McKinley Architects & Engineers

The Thrasher Group

Williamson Shriver Architects

July 2, 2014 - Volume 34 Issue 20



By Roger G. Hanshaw, Esq.


As required by law, our school board will meet on July 7 to elect a president. Who should preside at the meeting? By what procedure should candidates for the position of president be nominated? What process should we follow to elect a president?


If the person who was the board’s president at the end of June is still a board member on July 7, he or she should preside at the July 7 meeting until the board elects a president for the next two years.

But if the most recent president’s four-year term on the board ended on June 30 and he or she was not re-elected, the custom has been that the Superintendent of Schools presides over the meeting until a president is elected, at which point the Superintendent steps aside and the newly elected president assumes the duties of that office.

To elect a president, the presiding officer, in public during the meeting, should invite nominations from the board members (and only the board members). There is no requirement that a nomination be seconded. However, a person who is nominated may decline the nomination or withdraw at any time prior to election.

Once all the nominations have been made, the nominees should be voted upon one at a time, in the order in which the nomination were made. The first nominee to receive three votes is declared as the new president, and the election ends at that point.
By way of illustration, the nominations and election might unfold as follows:

CHAIR:  This meeting will come to order.  The first business in order is the election of president of the board of education.  Under Robert’s Rules of Order Newly Revised, each member may nominate only one person for the office of president.  Nominations do not require a second.  After all nominations have been made, the chair will take a vote on each nominee in the order in which nominations were made.  The first nominee to receive a majority vote will be elected president.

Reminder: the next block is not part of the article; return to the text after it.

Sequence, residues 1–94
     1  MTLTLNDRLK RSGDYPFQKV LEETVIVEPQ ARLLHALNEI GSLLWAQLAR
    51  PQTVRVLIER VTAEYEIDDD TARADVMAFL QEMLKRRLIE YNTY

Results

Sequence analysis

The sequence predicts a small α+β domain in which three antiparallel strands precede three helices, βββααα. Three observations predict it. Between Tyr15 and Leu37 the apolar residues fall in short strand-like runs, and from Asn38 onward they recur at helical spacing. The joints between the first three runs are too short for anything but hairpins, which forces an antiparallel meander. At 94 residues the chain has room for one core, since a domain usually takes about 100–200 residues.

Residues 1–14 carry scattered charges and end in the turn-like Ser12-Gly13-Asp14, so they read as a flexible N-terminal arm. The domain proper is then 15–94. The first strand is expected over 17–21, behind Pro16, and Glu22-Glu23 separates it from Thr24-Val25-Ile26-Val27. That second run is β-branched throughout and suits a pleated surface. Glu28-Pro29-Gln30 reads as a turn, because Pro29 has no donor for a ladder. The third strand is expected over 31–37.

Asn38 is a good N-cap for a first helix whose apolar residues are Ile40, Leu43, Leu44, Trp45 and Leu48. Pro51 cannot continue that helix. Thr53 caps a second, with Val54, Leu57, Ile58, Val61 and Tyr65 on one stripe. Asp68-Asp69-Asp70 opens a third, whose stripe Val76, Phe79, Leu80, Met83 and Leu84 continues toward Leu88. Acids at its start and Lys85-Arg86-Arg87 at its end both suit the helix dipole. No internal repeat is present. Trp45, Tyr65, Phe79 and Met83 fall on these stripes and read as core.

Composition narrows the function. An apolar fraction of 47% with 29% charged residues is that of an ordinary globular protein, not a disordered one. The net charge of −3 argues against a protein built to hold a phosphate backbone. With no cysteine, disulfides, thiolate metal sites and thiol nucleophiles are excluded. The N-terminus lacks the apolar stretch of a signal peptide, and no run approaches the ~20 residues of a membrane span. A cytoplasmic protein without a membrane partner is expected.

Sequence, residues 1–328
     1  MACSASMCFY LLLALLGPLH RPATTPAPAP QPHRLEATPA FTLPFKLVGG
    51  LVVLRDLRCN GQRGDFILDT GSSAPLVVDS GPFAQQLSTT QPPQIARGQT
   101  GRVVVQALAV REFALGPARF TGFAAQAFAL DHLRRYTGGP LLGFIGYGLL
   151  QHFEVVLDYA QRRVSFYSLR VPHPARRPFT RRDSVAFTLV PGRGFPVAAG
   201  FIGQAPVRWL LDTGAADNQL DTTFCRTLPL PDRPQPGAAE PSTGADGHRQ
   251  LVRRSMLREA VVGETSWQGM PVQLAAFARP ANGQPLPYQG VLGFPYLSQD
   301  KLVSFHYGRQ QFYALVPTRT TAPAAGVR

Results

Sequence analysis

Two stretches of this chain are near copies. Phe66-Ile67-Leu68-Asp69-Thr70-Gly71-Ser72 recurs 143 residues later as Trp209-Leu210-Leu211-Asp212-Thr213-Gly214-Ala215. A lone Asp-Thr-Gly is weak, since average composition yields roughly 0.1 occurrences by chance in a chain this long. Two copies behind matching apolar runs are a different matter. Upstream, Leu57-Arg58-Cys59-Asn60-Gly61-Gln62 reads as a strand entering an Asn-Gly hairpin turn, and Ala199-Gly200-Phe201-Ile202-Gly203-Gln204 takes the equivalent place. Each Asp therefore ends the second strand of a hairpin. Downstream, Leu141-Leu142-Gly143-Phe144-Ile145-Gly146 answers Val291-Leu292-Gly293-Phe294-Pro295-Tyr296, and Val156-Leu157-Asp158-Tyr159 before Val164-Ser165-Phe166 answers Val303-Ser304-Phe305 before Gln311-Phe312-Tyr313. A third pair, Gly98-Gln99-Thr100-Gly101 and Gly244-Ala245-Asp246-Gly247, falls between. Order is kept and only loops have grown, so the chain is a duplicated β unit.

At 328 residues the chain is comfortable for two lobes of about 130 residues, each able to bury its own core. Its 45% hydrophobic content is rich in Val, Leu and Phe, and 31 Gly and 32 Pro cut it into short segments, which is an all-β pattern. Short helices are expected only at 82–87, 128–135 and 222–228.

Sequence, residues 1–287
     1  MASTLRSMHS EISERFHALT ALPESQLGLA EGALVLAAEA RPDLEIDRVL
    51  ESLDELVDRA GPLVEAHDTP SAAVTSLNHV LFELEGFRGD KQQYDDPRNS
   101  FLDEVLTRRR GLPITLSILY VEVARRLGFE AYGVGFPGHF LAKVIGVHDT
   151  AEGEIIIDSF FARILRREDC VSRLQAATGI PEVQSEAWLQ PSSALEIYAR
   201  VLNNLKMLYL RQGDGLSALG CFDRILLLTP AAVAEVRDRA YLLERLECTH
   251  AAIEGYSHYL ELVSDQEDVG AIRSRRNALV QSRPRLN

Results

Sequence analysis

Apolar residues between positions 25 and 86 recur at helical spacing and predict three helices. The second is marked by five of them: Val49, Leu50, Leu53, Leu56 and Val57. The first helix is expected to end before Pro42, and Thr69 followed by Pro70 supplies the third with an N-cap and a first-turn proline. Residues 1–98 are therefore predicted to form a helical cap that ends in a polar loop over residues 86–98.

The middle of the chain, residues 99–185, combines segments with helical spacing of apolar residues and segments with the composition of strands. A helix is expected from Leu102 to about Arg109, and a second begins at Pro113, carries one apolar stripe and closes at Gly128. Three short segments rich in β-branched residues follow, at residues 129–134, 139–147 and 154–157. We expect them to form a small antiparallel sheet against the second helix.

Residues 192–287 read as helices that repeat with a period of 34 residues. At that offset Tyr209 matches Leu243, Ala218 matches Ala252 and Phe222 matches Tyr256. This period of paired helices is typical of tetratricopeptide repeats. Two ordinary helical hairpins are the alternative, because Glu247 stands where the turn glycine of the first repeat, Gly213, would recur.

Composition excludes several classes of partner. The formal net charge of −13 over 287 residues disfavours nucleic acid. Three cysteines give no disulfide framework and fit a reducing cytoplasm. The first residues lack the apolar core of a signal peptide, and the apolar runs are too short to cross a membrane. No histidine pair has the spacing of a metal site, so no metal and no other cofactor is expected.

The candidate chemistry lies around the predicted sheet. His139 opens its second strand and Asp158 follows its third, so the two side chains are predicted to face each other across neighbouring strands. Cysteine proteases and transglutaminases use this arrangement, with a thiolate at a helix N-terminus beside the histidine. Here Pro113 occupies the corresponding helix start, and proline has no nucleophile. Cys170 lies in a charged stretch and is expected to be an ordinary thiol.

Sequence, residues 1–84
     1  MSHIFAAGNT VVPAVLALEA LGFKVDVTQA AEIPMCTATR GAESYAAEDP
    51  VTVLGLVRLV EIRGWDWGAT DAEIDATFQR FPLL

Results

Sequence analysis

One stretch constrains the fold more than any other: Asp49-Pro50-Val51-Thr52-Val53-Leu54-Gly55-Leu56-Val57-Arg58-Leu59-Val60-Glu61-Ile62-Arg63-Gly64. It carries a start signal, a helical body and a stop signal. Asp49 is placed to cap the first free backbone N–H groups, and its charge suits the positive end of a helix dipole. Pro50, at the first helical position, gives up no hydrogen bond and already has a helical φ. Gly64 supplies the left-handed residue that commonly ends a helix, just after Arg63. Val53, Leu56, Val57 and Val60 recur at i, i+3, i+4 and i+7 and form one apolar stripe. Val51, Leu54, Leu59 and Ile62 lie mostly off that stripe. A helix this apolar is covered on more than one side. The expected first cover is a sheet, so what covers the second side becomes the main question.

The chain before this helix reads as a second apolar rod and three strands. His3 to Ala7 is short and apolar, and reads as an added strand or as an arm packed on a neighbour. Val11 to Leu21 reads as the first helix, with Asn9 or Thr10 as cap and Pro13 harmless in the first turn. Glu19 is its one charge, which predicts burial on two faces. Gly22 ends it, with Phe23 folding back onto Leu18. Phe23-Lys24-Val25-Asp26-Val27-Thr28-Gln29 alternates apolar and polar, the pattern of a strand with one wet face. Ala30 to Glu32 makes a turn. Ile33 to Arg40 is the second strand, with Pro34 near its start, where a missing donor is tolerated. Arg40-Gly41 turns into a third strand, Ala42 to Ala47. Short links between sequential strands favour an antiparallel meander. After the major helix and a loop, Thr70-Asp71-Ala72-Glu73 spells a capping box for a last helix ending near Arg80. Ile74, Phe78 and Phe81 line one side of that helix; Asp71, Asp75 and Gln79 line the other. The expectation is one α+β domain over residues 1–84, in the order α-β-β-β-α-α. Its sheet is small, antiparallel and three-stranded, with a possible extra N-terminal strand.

The floor is now open for nominations for president. 

MEMBER:  I nominate Mr. X.

MEMBER:  I nominate Mrs. Y.

[and so on until all nominations have been made]

CHAIR:  If there are no further nominations, the chair declares nominations closed.  The chair will remind the members that ballot votes are not allows under West Virginia law.  Each member may vote for only one nominee.

Those in favor of Mr. X, raise your hands.  Thank you.  There are 2 in favor.

Those in favor of Mrs. Y, raise your hands.  Thank you.  There are 3 in favor.  Mrs. Y has a majority of the votes and Mrs. Y has been elected president of the board of education.

Anticipating that no nominee will receive three votes, the school board should, in advance of the election, adopt its own procedure for how to proceed in such a case. By way of example, the procedure might be that the nominee who receives the lowest number of votes will be dropped and the election process will be repeated from among the remaining nominees.

We are sometimes asked five related questions:

  1. May the current president be nominated and elected? Yes.
  1. May a board member who presides over the election process nominate and vote like other members. Yes.
  1. May the board members vote by secret ballot? No. The Open Governmental Proceedings Act makes it illegal to vote by secret or written ballot.
  1. May a board member nominate himself or herself? Yes. 
  1. What about electing a vice president? West Virginia school law does not mention a vice president or require that any school board have one. Nevertheless, some school boards like to designate a vice president for reasons specified in their local board policies. Unless such a board has specified a different procedure in policy, the same nomination and election process described above should be followed to elect the vice president.

Hanshaw, an associate with Bowles Rice LLP, serves as the West Virginia School Board Association parliamentarian. Here is his contact information - His telephone numbers, as listed by Bowles Rice LLP, are (304) 347-2115 or (304) 343-2867.